Innovation can create new problems, and often even new industries. Two and half millennia after the invention of the wheel, we have traffic jams–made possible by the auto industry and Big Oil. That’s two industries right there. Fast food and high fructose corn syrup caused worldwide obesity, and gave rise to factory farming as well as the diet industry. (That’s two more!)
More recently, privacy has been a recurring issue when it comes to innovation, but it was a problem pre-Internet, as well.
Credit cards opened the door to overspending and account takeover as well as a host of privacy concerns around who gets to know your spending and bill-paying habits. Then there’s EZPass and FasTrak. Who doesn’t love automated toll roads? (Hint: People who don’t like being tracked.) The list is potentially endless, but no innovation has given rise to as many industries in the last fifty years than the Internet.
(Yep, the Internet is eligible to join the AARP this year!)
User privacy is an essential part of keeping your data and identity safe online; it’s something we talk about regularly on our podcast “What the Hack with Adam Levin.”
It’s no easy task to identify the 10 biggest Internet-related privacy failures masquerading as the next best thing since the World Wide Web, but here it goes.
#4 Voice-Activated Digital Home Assistants
Robot butlers are pretty common in utopian sci-fi, but only recently are they available to the average consumer and totally affordable. While voice activated home assistants can’t serve you breakfast in bed, they can get your breakfast delivered.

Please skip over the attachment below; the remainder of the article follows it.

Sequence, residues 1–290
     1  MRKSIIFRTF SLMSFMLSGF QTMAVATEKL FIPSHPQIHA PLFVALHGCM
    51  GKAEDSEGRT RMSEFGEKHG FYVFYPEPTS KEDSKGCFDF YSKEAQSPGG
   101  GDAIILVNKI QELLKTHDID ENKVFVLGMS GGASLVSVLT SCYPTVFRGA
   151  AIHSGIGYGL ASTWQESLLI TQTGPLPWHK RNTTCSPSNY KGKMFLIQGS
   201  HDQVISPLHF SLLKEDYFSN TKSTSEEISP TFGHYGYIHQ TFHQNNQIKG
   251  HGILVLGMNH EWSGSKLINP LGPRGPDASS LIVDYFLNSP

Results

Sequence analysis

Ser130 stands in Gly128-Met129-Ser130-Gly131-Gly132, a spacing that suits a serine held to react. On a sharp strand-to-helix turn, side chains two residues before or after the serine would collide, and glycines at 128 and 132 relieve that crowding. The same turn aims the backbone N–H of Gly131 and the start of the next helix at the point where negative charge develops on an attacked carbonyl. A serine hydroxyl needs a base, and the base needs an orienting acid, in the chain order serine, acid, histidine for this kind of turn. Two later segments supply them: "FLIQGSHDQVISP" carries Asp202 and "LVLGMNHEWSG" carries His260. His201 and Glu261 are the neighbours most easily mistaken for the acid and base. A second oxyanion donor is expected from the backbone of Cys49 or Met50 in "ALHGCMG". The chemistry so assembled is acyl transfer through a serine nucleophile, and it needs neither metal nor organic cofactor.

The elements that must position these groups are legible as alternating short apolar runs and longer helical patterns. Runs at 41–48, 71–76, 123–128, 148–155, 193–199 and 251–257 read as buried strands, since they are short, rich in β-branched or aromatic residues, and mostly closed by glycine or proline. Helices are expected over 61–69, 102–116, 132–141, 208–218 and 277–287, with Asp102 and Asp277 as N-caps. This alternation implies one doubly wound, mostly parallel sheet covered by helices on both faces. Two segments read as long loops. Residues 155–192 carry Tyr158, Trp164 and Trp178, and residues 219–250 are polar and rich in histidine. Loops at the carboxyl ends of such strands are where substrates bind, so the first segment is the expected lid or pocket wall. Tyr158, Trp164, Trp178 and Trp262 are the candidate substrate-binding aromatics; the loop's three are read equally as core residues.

Being able to dim the lights, play music or choose a movie from the comfort of your recliner is pretty awesome, as is having an always-on device to call 911 when trouble is detected. There is absolutely nothing to complain about when it comes to these perks of owning a digital home assistant device.
The problem isn’t the machine, but what it’s connected to. Big data companies like Google, Facebook (Meta) and Amazon dominate the field. These companies and others have invested enormous amounts of time and money into developing a way to get a constant and detailed data feed about user behavior. Having an always-on microphone and camera in your living room is the ideal way to do that. It’s one of the reasons these devices are so affordable. They’re effective tools in the non-stop money grab known as the surveillance economy.
Until a company with strong privacy bona fides can offer a secure alternative to the voice-activated assistants currently on the market, it’s worth your while to get up from your chair and flip that light switch the old-fashioned way.